Small-holder farms provide at least 50% of the agricultural output for domestic consumption in most low- and middle-income countries. Yet, they bear the brunt of food insecurity that is amplified by multiple challenges including limited access to capital, markets, land, information/training, and technology, political stressors, gender inequities, and more recently climate change.
Estimates suggest that globally about 68,000,000 hectares, or 15.7 percent, of all irrigated and rain-fed cropland is in urban and peri-urban areas. Yet communities lack the strategies for creating regenerative and equitable urban and regional food systems that benefit small-holder farmers, a gap Planning for Regenerative, Equitable Food Systems in Urbanizing Global Environments (Plan-REFUGE) initiative at the University at Buffalo seeks to address. Historically, challenges experienced by small-holder farmers have been addressed with top-down policy efforts that neglect the complexity and localized nature of urban and regional food (URF) systems. An alternative approach, the Plan-REFUGE team argues, should be farmer-centered, to co-produce knowledge about the barriers experienced by farmers, as well as the adaptations farmers make to overcome challenges and maximize opportunities within URF systems. Such fine-grained knowledge will inform the development of place-based models of intervention and systemic and policy responses.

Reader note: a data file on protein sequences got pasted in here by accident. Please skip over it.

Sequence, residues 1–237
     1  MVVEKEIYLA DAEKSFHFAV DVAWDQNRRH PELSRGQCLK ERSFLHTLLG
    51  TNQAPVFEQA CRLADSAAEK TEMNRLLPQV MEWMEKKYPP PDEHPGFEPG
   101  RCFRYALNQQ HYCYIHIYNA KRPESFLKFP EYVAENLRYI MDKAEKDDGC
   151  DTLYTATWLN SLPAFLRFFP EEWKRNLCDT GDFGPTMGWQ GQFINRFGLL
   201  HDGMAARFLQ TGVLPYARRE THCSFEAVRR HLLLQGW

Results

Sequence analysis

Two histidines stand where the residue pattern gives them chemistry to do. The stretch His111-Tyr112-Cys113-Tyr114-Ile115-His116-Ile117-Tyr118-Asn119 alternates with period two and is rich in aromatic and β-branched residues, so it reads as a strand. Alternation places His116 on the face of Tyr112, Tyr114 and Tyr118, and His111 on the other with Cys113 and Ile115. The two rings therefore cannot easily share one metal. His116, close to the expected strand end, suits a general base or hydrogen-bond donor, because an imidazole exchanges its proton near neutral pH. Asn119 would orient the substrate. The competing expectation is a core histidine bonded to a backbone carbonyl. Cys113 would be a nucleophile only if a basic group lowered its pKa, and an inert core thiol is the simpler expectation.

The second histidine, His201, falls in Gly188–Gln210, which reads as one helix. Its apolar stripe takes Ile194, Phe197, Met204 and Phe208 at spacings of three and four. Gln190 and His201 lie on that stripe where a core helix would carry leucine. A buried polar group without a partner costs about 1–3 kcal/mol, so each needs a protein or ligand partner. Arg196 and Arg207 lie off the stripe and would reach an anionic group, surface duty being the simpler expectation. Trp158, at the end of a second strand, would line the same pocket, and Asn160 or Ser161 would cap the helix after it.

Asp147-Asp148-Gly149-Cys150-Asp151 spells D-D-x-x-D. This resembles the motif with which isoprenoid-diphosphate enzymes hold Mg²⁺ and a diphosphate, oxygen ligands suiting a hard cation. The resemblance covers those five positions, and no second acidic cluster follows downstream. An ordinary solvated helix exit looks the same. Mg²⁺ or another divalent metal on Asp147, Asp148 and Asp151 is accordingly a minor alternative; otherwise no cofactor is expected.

Students affiliated with the Plan-REFUGE initiative recently spent time to understand the experiences of small-holder farms, as well as the policies and governance structures that influence small-holder farmers and URF systems in multiple parts of India. Although students worked in teams, each individual also has a unique area of study: Daniela Leon is documenting the role of informality in URF systems, Erin Sweeney is interested in how URF systems work across the urban-rural continuum, Grace O’Connor is interested in environmental sustainability of URF systems, and Joy Resor is interested in the issues linked to housing, gender, and food. The student team used mixed-methods techniques including field visits with smallholder farmers, food system stakeholders, and local government officials to learn about smallholder farmers experiences, as well as conducted document analysis of relevant policies including land use plans and master plans. Field work was conducted in the states of Kerala and Orissa with support of partner organizations including local governments, civil society organizations, and local universities. Results of the field work will inform academic publications as well as a policy report being prepared on behalf of the UN Food and Agriculture Organization by the UB Food Systems Planning and Healthy Communities Lab.